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A Mature Plastic

Makers of acrylonitrile-butadiene-styrene have struggled for a long time, and the recession isn’t helping

by Alexander H. Tullo
June 22, 2009 | A version of this story appeared in Volume 87, Issue 25

Credit: Ineos ABS
The fenders of the BMW M3 Coupé and Cabrio are made from a nylon-ABS blend supplied by Ineos ABS.
Credit: Ineos ABS
The fenders of the BMW M3 Coupé and Cabrio are made from a nylon-ABS blend supplied by Ineos ABS.

Ask people who market acrylonitrile-butadiene-styrene resin, and they’ll say it’s a great plastic that hasn’t been getting its due. Even before the recession, the ABS business wasn’t very profitable. Now the industry is bracing for several more troubled years.


A Mature Plastic

Its name gives the impression that ABS is a copolymer of styrene, acrylonitrile, and butadiene, but the truth is more subtle than that. ABS is an acrylonitrile-styrene copolymer grafted onto polybutadiene.

Combining polybutadiene and the copolymer yields a plastic that is impact resistant, has a glossy appearance, and can be readily blended with colors and polymers such as polycarbonate and nylon. It lends itself to applications that need to be attractive and durable, such as appliances, car interiors, computer housings, and Lego building blocks. “I can spend three hours convincing you why ABS is better than every other polymer,” says John Case, Dow Chemical’s business manager for styrenics and copolymers in Europe and India.

ABS inhabits a gray area between commodity plastic and higher value engineering polymer. For example, when plastic molders want to make an ABS part cheaper, they often opt for high-impact polystyrene. When they want an upgrade, they’ll go for a polycarbonate/ABS blend.

And ABS is a commodity whose heady days of nabbing new applications have mostly passed. Herman Savenije, styrenics strategic product manager at BASF, still sees opportunities for innovation. For instance, BASF has a new ABS/poly(methyl methacrylate) blend that offers a shiny “piano finish” that may be “very fashionable for household products.” But as a whole, Savenije admits, “if we discuss ABS, we are talking about a commodity and a mature business.”

ABS’s durable goods applications make it very much an engineering polymer, Dow’s Case points out. As a result, demand for ABS is sensitive to economic performance. Commodity plastics such as polystyrene and polyethylene are less sensitive to the economy because they have significant uses in sectors such as food packaging that are less vulnerable to economic ups and downs. “People continue to eat, but they are more hesitant with respect to buying a new car,” he says. “ABS has been harder hit than many other thermoplastics.”

Savenije expects North American demand for ABS this year to be off 15–20% versus 2008. He forecasts a more modest 10% decrease in Europe, where he has noticed some pickup in demand in the second quarter.

The longer-term trend in ABS has been a shift of the industry’s focus to Asia, where small appliances are typically made nowadays, says Peter Chandler, a consultant with London-based Tecnon OrbiChem. In North America, he says, the ABS industry concentrates on cars and large appliances. “Pretty much everything else comes in as finished-product imports,” he notes.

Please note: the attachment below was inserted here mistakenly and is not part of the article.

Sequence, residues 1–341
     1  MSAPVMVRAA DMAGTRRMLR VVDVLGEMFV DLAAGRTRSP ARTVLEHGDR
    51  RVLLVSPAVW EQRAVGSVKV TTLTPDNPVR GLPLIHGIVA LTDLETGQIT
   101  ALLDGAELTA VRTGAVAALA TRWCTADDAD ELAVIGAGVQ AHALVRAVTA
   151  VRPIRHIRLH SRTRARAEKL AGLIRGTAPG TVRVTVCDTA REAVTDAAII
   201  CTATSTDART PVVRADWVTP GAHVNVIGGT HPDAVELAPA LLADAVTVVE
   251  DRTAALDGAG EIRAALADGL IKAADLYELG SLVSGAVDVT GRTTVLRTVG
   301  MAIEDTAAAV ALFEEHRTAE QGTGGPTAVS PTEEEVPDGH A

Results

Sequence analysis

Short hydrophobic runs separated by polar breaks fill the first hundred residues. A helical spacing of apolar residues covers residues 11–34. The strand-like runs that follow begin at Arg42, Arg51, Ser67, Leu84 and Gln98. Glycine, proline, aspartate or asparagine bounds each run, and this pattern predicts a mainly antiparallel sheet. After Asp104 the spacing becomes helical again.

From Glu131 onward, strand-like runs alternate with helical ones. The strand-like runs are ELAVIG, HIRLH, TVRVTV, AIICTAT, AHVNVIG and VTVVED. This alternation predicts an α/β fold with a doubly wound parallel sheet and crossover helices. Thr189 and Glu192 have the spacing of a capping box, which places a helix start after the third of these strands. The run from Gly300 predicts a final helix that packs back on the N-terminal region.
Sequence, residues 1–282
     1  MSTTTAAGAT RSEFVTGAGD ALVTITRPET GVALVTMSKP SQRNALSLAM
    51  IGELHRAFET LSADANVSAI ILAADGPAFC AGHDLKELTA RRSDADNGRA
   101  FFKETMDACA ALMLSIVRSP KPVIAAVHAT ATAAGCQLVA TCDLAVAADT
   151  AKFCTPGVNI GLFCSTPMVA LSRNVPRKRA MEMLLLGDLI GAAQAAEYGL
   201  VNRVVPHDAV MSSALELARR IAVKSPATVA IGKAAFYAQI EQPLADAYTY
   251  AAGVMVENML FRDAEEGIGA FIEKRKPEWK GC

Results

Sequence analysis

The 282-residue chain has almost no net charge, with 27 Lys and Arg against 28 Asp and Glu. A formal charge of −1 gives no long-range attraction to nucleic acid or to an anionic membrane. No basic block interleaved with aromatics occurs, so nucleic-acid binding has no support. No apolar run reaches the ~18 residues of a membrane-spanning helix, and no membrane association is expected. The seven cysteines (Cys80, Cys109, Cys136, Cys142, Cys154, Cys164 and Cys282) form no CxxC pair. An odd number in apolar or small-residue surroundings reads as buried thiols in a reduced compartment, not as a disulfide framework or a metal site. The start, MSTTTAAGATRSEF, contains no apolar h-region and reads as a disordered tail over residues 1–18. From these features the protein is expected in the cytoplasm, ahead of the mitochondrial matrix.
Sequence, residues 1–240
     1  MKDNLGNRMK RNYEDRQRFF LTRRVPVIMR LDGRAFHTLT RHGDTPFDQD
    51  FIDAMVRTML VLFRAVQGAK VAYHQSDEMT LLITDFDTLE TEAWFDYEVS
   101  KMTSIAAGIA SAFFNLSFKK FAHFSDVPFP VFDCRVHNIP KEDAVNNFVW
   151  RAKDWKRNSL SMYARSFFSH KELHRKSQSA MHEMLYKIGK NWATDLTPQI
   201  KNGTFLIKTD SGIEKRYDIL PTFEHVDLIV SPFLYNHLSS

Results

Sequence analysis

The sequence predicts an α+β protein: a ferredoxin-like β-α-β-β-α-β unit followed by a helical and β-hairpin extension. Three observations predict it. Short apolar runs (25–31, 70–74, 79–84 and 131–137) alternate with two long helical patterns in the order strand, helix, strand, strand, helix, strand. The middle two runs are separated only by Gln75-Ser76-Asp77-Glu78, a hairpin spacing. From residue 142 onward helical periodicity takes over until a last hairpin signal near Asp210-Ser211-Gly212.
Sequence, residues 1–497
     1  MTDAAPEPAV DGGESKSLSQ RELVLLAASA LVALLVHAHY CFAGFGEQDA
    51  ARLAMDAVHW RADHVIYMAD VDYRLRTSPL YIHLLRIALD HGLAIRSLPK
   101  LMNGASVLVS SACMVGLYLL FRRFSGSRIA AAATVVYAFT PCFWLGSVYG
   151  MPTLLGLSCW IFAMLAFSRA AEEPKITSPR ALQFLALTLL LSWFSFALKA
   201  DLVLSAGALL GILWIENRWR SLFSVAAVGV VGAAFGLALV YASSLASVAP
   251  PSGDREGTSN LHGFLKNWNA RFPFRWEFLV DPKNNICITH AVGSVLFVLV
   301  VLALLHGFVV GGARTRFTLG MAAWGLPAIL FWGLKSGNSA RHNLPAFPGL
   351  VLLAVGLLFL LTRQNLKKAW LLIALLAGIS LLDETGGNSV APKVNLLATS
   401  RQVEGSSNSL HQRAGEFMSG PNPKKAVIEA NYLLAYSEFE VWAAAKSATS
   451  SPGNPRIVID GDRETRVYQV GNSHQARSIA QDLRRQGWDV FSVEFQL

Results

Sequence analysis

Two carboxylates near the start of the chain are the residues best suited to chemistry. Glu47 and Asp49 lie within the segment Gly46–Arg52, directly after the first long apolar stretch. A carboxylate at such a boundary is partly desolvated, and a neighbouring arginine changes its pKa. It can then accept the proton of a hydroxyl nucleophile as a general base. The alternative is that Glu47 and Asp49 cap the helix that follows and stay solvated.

The ABS industry has suffered from chronic overcapacity for as much as a decade, Chandler says. “There is more capacity available than there is demand—by a long way.” Supply and demand were finally climbing into balance before the recession hit last year, he says, delivering the industry a major setback.

The ABS industry needs consolidation to help dig itself out of the hole it’s in, Savenije says. “Given the stepwise correction in overall demand for ABS and low expectations for recovery and future growth, producers will reevaluate their positions and possibly shut down old or noncompetitive plants,” he suggests.

But consolidation is nothing new for the ABS industry. In recent years, nearly every major ABS producer has either exited the business wholly or in part or is contemplating a way out.

In 2007, BASF announced that it was in talks to divest most of its global styrenics business, which in addition to ABS includes styrene, polystyrene, and other styrenic polymers. Those talks broke down last year, and the company opted instead to reorganize the business into new subsidiaries. “BASF is considering all strategic options,” Savenije says.

Also in 2007, Lanxess sold 51% of its Lustran ABS business to Ineos for $48 million. In the previous year, the unit made only $22 million in before-tax profits on $1.2 billion in sales. Ineos has an option to buy the rest of the business, now called Ineos ABS, later this year.

And when General Electric sold GE Plastics to Saudi Basic Industries Corp. in 2007, its ABS business went as well. SABIC plans to close an ABS plant in Grangemouth, Scotland, by the end of next month.

Dow exited the ABS business in North America in 2008, except for a plant in Midland, Mich., that serves the automotive industry. It converted its other plants to polystyrene production and transferred them to its Americas Styrenics joint venture with Chevron Phillips Chemical.

The move reflected what the North American ABS industry has become, Case says. “We exited the business in ABS because the dynamics in North America were different than other regional dynamics,” he says.

Globally, Case adds, the industry faces a few more tough years. “There is excess capacity today,” he says. “That probably won’t change until 2012.”



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